In vitro bioaccessibility for health risk assessment of metal contamination in urban dust and soil samples: A chemometric approach / Ibrahim Sani Shabanda

Ibrahim Sani , Shabanda (2019) In vitro bioaccessibility for health risk assessment of metal contamination in urban dust and soil samples: A chemometric approach / Ibrahim Sani Shabanda. PhD thesis, Universiti Malaya.

[img] PDF (The Candidate's Agreement)
Restricted to Repository staff only

Download (223Kb)
    PDF (Thesis PhD)
    Download (2842Kb) | Preview


      Anthropogenic activities in urban cities may pose a risk to human health and environment. For risk assessment studies, estimation of contaminants in environmental media is always depending on the concentration of metals determined in the matrices. Nevertheless, the metal fractions that are taken up by the human body via exposure routes are of topmost concern. The focus of this work is to assess these fractions of contaminants, through the application of a bioaccessibility protocol for health risk estimation via oral exposure. Therefore, arsenic (As), cadmium (Cd), chromium (Cr), copper (Cu), and lead (Pb) were determined in soil and urban dust samples using Inductively Coupled Plasma Mass Spectrometry technique (ICP-MS). The sampling location chosen in this study was Petaling Jaya and Sekinchan involving ninety-four urban dust and twenty-one soil samples. Total concentration of As, Cd, Cr, Cu, Ni and Pb were determined in urban dust using multivariate analysis. The result obtained shows that the concentrations of these metals in both urban dust and soils were found to be higher than their corresponding background values, indicating anthropogenic influence in the contamination of the metals. The enrichment factor (EF) analysis shows that all the metals have EF values greater than 1.5, suggesting anthropogenic influence. The multivariate analysis conducted revealed that anthropogenic activities, atmospheric deposition and wind could be the sources of the heavy metals (HMs) in the study area. The potential ecological risk assessment indicates that Cd was the main ecological risk factor in urban dust with the order Cd > Pb > Cu > As > Ni > Cr. The oral bioaccessibility of the heavy metal contaminants were determined in both dust and soil samples using a developed Physiologically Based Extraction Test (PBET). The results obtained revealed that the contaminants were more solubilized in the gastric phase than of the intestinal phase for all the samples. Based on the results, more than 40% of the total concentration of the metals were solubilized in the gastrointestinal tract of soil, while the percentage increases up to 80% for urban dust. The result of the health risk assessment of the HMs via oral ingestion of dust and soil following Monte Carlo simulation (MC) analysis shows that for both children and adults who ingest urban dust and soil pose no significant possibility of non-carcinogenic effects, while adults could have carcinogenic consequences on ingestion of Cd in soil. Nevertheless, children are more vulnerable to non-carcinogenic risks, whereas, adults were more susceptible to cancer effects. Moreover, the risks estimation following ingestion of dust without bioaccessibility was higher than the risks accounting with bioaccessibility. This implies the importance of bioaccessibility in health risk assessment. The risks assessed without bioaccessibility seems to be overestimated. Therefore, bioaccessibility is an absolutely essential ingredient for accurate health risk evaluations of HMs exposure via oral ingestion of dust and soil.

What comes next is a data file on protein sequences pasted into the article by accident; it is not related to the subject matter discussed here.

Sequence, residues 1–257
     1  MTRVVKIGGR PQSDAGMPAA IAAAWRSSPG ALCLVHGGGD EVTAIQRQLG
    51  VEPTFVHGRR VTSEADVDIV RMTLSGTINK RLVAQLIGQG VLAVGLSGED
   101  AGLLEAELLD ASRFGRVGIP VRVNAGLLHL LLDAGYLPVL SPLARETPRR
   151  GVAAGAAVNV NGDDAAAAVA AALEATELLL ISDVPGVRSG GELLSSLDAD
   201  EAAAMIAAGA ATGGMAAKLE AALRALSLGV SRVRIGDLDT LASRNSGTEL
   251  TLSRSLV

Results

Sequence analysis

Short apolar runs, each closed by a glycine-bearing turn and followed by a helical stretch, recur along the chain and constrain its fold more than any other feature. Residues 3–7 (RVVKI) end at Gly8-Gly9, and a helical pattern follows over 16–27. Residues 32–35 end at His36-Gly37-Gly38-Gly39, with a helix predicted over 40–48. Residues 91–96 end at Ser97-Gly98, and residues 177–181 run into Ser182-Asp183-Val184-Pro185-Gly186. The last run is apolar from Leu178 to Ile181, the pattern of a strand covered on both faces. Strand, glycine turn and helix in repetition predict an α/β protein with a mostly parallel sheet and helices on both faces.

Item Type: Thesis (PhD)
      Additional Information: Thesis (PhD) - Faculty of Science, Universiti Malaya, 2019.
      Uncontrolled Keywords: Health risk; In vitro bioaccessibility; Heavy metals; Pathways; Monte Carlo Simulation
      Subjects: Q Science > Q Science (General)
      Q Science > QD Chemistry
      Divisions: Faculty of Science
      Depositing User: Mr Mohd Safri Tahir
      Date Deposited: 02 Oct 2020 08:20
      Last Modified: 04 Jan 2022 03:51

      Actions (For repository staff only : Login required)

      View Item